Archive for April 25th, 2011

In a great Foreign Policy article, Stephen Walt explains the so-called Intervention Paradox.

As he explains, using military force to tackle the civil war in Libya is unlikely to succeed. Either NATO members will launch a small-scale attack based on air strikes, or they go for the big solution and send ground troupes. The first way will presumably prolong rather than solve the problem while the latter might end up as Afghanistan and Iraq.

Hence the paradox: if you go in light you get a protracted stalemate; if you go in big you end up with a costly quagmire.

Thus we might conclude that unpopular German foreign minister, Guido Westerwelle, wasn’t so much off the base when deciding not to take part in any military operation on Libya. Yet, I do not expect him to get any applause, partly because he did not give any proper statement against the war.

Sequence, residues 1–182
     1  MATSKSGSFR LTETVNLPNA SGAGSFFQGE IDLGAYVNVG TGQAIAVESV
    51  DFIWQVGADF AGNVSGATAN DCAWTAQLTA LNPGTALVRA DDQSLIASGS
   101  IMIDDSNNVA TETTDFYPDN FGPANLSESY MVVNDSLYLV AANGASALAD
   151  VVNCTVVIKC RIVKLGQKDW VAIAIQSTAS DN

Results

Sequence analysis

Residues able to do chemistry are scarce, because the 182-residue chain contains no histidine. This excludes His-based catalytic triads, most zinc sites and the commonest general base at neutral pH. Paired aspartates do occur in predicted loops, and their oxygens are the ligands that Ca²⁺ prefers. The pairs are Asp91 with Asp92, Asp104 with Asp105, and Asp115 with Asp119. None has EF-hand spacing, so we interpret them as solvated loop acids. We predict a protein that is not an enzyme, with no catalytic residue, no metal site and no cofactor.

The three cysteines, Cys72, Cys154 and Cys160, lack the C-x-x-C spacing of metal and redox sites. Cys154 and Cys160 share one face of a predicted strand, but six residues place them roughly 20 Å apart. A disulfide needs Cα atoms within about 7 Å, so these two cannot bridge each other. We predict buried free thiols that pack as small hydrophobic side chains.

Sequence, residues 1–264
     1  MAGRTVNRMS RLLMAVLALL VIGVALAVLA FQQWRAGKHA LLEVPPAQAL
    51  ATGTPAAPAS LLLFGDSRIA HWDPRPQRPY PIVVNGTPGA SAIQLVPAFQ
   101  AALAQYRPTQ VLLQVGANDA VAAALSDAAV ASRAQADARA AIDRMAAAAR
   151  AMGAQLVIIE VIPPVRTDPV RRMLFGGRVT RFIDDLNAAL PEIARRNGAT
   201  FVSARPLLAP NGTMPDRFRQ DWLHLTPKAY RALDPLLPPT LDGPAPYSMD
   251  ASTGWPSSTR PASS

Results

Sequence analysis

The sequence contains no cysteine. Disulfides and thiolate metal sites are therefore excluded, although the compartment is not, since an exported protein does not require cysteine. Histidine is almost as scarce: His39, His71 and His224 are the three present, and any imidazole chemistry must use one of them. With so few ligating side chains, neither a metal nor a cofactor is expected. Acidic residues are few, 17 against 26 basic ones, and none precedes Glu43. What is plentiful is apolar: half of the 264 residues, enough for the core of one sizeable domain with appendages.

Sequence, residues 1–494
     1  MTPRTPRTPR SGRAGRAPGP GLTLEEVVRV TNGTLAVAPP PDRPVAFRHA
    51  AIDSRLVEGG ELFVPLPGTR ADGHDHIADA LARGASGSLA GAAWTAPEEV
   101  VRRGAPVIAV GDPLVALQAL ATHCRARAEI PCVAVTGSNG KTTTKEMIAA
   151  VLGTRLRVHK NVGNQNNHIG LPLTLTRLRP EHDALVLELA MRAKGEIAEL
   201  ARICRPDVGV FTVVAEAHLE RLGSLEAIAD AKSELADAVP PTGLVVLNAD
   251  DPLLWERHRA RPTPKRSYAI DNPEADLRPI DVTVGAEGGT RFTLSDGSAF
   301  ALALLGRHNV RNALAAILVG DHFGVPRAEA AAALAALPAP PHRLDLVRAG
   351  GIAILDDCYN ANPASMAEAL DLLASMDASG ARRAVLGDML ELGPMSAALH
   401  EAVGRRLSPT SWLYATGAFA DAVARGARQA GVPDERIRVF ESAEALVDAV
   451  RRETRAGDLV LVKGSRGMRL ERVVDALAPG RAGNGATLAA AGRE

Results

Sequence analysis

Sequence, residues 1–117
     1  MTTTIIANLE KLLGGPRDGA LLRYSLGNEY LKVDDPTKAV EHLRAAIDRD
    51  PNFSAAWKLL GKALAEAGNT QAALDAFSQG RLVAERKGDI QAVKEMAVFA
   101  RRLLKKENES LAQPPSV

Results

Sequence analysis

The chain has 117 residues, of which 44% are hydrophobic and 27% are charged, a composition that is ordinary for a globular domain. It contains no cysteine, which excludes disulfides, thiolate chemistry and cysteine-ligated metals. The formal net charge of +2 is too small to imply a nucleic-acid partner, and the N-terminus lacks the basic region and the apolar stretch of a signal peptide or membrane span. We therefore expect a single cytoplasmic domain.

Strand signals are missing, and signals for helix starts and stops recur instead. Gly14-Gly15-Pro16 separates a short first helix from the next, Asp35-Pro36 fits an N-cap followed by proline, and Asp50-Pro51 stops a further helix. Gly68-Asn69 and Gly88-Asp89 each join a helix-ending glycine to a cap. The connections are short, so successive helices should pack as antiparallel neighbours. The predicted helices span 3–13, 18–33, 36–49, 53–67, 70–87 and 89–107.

Speaking in a broader context, I have to note that to some extent it is frightening to observe how sharply views have changed in Germany since people took office that were born after WW2. Gerhard Schroeder (*1944) was the first chancellor who did not really experience the great Nazi disaster and he was also the first to send German soldiers to war. Coincidence?

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